6. Collusive Oligopoly

In collusive model the firm enters in to same type of agreement. The agreement may be open or secret. But majority of them are secret. To explain collusive oligopoly professor W.Feener has presented cartel and leadership models.

7. Cartel Model

Cartel is an organization of seller's with the aim to minimize the role of perfect competition. For example, if any country, five or six firms producing tyres and decide informally that they will not compete each other regarding the sale of the output cartels are of two types.

Cartel aiming at joint profit maximizing.

Market sharing cartel.

8. Joint profit maximizing Cartels: or Cartels aiming at joint profit maximization:-

In this kind of cartel firms make a clear agreement regarding price and other market variable.

In such cartel we assume all the firms are producing similar goods. All the firms in cartel for formulate a central agency which decides about the price charged output sold in market to maximize their profit which can be explained with the help of a diagram.

In such cartel we assume all the  firms are producing similar goods

In the diagram when in any firm AC is low more output will be offered for sale, while where in a firm AC is high less output will be offered for sale.

So this distribution of output and profit will be made by the cartel. Both the firms will accept it.

9. Market sharing cartel Model

Market sharing cartel model means after agreement how much output will be sold by a firm cartel will allow it a specific share is known as MSCM. Such cartel models are of two types.

10. Non-Price Competition Agreement

Under this cartel when price is settle then each firm can sell the output as it sees fit, but if there is cost firm will ask for low price and secretly will charge low price, so price war start. So cheater (low price charger) will be expelled from cartel country the cartel authority will try to compensate the loser firm which can be explained by Diagram.


Monopoly or cartel price is PM the cost in firm B is low its equilibrium is at EQ. So it will ask for low price. But in A the firm has high cost as to B so cartel will be short lifted. In market B low price will be charged, i-e PB so it will attract more customers and its ddc will be more elastic so it will sell more output and its profit will be maximum.

10.1. Sharing of market by agreement on quotas

Under Cartel member make agreement regarding price shares in output is settled by Cartel with the assumption of equal cost, i-e if there are two firms so ½ will be produced / sell by each one as shown in diagram.


The industry is in equilibrium at e where CMC=MR P=0P 0M will be equally shared between the 2 firms so it is stable cartel each firm is getting abnormal profit.

11. Informal collusive models/ price leadership models

If the firms sell their output at the price which is settled  by the leader firm because no firm is able to compete them. This model is presented by W.Fellner.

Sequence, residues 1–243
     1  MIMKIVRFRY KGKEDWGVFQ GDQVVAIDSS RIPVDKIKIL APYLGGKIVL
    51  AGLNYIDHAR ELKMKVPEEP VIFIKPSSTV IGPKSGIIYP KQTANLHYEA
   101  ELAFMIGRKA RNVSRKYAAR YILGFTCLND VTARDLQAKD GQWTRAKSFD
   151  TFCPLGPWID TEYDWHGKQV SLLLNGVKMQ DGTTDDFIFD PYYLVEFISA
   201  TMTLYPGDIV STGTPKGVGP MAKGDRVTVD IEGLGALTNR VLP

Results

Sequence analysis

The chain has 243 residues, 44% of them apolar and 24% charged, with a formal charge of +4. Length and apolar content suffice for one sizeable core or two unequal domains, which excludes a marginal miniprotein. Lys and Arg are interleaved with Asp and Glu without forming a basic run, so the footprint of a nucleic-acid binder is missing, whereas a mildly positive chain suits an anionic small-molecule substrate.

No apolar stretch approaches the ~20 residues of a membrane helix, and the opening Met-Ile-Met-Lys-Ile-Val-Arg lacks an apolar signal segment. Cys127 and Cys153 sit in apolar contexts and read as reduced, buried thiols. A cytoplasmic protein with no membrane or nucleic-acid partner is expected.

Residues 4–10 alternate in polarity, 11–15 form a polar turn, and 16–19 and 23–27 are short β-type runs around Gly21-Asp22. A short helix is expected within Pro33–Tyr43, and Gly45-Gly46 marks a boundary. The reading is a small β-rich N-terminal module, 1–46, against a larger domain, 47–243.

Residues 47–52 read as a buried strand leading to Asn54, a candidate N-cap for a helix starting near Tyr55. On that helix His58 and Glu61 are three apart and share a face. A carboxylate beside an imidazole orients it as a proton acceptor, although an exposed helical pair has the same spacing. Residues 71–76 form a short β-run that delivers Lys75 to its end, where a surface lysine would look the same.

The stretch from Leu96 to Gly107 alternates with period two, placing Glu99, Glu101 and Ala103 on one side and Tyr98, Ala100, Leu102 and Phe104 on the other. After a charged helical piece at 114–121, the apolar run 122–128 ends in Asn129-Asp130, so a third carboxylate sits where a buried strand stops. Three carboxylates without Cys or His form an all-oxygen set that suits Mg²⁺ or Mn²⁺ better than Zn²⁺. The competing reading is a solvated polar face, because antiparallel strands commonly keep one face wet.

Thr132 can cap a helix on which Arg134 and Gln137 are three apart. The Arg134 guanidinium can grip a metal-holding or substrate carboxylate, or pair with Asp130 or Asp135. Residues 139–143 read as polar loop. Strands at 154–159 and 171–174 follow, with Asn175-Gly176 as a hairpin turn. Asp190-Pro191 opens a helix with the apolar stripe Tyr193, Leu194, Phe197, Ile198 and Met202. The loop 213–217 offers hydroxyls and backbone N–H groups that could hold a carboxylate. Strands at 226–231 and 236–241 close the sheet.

Leadership model is of two kinds

Low cost price leadership

Dominant leadership model

11.1. Low cost price leadership:

In this model industry consist of 2 firms producing identical output. Further in this model the firm may have equal or unequal shares.

11.2. Model of Equal shares


In this figure firm A is leader firm. Its equilibrium takes place at EA, selling 0QAE output charging price 0PA, while firm B is in Equilibrium at EB-Selling 0QBE. But cannot change 0PB because lower price is settled by firm A at 0PA. So firm B will follow firm A and will sell 0BE. The total dd=0Q. So firm A will sell 00QAE and firm B0Q-)QAE=)QBE.

11.3. Model of Unequal shares

This can be explained with the help of diagram.

Model of Unequal Shares

In diagram the price of the leader firm is 0PA. Equilibrium at e1 where MCA=MR. The highest cost firm is in equilibrium at e2, setting the price at PB. But if the leader firm cannot change price BP then firm B will follow it. Accordingly firm will sell 0QAE at 0P1. And the remaining will be sold by firm B charging price 0PA.

12. Dominate Price Leadership Model

If there  are many small firms and one is a big firm producing identical output and the small firms cannot compete the dominant firm. Then the dominant firm sets the price and the small firms will follow it. The small firms will act as they are facing in perfect competition. They will be just price taker as shown in the diagram.


In figure dd is the ddc of the dominant firm. MRD is MR of the dominant firm. ?MC is the summation of MC of small firms. Dd is obtained by ?MC from DD (Market dd). If the leader firm sets the price at Rs 7, then the total dd in market is equal to the total SS of small firms at B. But the dominant firm will set the price at Rs 6 and will sell 200. At price Rs 6 the small firms will supply output 400. So total SS is 600, as shown by point C.

  • Supply
  • Price Effect (PE)
  • Ordinal Approach
  • Elasticity Of Demand